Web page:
Daniel Sturridge is the best. Or, at least, this corner of TLO believes Daniel Sturridge is the best. Which is probably not at all a surprise because that’s been my personal position since 2012 but, well, we’re going to go hard on that this season.
Which is why it is my pleasure to announce that someone else thinks Daniel Sturridge is the best. Or, to be more accurate, an organization: the Premier League. And to be even more accurate, not that Daniel Sturridge is the best per se but rather that his curler into the top corner against Chelsea to nab a result is the best goal in the month of September. Which, we really can’t argue with that, can we?
A few things to consider about that specific goal:
- It came in the 89th minute and just after Sturridge had been substituted.
- It came against an organized Chelsea team that seemed to have done just enough to waltz out of Anfield with three points.
- It had to beat Kepa who was having a solid day minding the net.
Sturridge’s contribution in this match and notching a goal in his start against PSG marks a rather solid September for the resurgent striker. And when you consider that his return of 3 goals in 116 minutes across all competitions indicates that he’s on a blistering 2.33 goals per 90.
Sure, that number is likely off-balance because he doesn’t accumulate the same number of minutes as a standard striker, now that he’s being deployed as a supersub. Kind of like the inflated strikeout per innings rate of top closers in baseball, it’s a bit unfair to compare Daniel Sturridge’s per 90 rate against other strikers in the league.
But I think it is fair to think about how his role is difficult and rather unique in world football. Much like the position of the closer referenced above, he seems to have a very specific role on this club: nab a goal in limited minutes. The thing about that management that is perhaps more demanding than a closer is that Sturridge’s contributions center on him dropping into a game - and, if Klopp’s decision of when to substitute him in is a sign, it’s always right at the death - with minimal time to adjust to the flow. More, Sturridge is tasked with getting a contribution that requires a lot more team involvement. A top closer could strike out the side and notch a save, needing only himself and his catcher to make it happen. Sturridge will make runs, of course, and still needs to finish, but it is generally dependent on his teammates making key passes and creating scoring opportunities.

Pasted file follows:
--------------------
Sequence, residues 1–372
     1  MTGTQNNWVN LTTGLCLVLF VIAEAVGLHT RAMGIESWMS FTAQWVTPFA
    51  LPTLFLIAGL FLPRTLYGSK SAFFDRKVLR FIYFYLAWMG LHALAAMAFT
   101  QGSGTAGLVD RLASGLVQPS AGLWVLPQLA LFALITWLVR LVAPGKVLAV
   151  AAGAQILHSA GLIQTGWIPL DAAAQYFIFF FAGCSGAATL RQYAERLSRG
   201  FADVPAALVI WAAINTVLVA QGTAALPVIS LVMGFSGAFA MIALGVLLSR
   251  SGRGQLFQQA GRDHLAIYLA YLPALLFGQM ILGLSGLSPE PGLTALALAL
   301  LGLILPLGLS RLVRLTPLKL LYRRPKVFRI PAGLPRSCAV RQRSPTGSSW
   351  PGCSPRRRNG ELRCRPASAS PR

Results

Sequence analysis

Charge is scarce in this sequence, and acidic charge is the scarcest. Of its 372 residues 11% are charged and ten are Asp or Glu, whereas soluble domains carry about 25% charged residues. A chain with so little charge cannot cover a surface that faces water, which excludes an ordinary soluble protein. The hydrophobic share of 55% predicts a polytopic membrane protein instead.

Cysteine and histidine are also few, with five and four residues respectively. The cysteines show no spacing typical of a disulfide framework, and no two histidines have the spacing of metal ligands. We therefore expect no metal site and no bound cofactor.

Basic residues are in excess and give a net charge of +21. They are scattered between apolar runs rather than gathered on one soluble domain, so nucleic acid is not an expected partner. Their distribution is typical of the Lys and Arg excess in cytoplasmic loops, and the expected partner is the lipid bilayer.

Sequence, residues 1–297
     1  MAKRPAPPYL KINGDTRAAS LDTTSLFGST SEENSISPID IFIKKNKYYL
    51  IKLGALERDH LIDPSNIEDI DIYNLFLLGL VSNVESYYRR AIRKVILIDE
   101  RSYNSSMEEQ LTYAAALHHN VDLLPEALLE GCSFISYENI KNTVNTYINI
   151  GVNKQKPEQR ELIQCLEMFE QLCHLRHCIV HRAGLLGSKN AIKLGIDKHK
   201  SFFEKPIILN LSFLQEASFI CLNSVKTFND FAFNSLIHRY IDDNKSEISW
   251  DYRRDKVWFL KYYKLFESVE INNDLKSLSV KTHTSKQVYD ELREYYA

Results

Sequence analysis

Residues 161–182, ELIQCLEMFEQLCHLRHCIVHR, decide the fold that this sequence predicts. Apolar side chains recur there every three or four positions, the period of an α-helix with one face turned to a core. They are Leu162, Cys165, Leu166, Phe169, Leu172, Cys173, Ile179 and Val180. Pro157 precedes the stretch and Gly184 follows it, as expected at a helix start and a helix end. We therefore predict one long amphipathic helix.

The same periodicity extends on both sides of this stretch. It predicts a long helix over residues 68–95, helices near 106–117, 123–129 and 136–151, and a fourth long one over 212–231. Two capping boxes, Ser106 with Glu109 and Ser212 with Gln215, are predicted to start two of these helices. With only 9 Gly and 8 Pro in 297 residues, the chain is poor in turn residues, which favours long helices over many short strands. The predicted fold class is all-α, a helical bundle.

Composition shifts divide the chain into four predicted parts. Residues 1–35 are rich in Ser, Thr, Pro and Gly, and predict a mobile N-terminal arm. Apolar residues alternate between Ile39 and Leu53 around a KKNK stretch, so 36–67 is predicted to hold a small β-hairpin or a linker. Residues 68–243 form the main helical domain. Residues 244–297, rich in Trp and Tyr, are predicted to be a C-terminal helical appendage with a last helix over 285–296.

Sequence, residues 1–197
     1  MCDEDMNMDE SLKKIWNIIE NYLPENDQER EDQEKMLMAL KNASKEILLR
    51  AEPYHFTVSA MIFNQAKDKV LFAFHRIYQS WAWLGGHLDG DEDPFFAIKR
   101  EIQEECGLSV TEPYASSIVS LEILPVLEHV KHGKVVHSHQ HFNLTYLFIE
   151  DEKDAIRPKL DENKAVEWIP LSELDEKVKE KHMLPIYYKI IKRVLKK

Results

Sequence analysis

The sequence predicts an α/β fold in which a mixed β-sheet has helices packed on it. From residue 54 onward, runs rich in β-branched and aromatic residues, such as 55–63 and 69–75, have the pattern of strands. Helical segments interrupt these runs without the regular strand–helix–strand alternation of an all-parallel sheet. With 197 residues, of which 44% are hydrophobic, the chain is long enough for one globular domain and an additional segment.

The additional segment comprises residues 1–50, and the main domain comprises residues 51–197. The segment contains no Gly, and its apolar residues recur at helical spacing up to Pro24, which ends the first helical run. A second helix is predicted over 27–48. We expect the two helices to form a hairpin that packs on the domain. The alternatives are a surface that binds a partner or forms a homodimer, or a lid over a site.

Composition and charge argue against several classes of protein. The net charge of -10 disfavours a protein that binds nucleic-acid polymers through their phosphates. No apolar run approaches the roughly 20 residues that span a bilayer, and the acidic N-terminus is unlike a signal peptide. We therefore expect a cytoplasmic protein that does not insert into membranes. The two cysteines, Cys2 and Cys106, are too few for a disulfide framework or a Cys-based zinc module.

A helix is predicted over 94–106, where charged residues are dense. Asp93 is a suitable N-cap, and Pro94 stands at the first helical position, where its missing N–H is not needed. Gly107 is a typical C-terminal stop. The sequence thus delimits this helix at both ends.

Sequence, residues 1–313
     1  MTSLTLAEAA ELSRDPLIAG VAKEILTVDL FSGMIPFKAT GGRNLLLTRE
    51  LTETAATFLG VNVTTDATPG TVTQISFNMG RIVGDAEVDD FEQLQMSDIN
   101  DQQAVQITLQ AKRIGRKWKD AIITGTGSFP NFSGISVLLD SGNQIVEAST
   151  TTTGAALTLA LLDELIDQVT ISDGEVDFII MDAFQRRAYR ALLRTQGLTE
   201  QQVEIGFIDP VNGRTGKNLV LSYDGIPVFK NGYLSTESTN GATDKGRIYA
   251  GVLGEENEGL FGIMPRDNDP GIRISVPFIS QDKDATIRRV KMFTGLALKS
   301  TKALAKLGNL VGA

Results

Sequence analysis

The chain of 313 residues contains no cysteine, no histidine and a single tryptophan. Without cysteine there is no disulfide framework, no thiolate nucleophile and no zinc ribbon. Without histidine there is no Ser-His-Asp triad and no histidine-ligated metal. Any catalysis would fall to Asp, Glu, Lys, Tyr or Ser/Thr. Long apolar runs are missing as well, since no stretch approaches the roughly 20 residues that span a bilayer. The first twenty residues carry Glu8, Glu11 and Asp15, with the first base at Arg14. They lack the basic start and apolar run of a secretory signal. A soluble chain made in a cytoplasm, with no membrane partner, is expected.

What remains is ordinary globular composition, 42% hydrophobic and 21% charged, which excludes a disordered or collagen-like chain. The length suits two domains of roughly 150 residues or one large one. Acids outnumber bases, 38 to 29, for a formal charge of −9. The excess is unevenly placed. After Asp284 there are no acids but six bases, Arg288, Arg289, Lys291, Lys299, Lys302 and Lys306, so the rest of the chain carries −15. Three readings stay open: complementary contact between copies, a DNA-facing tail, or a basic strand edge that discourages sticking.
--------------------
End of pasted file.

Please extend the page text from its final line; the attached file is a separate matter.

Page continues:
And this is what makes his goal against Chelsea perhaps that much more impressive: dropped into the dying moments of a match against a top class opponent, Sturridge made a goal out of nothing. Running against the grain and atypical in terms of how the game of football usually works, Sturridge came up with a magic moment.
I’m no scholar of the game and thus can’t say with certainty if there have been other forwards deployed - successfully - in a similar type of situation. But one of the joys I’ve taken out of this season has been to see Sturridge’s always imminent threat and clear class lead to actually nabbing some goals. Here’s hoping that Klopp’s management of his minutes and Sturridge’s hard work will continue to pay dividends for him and Liverpool.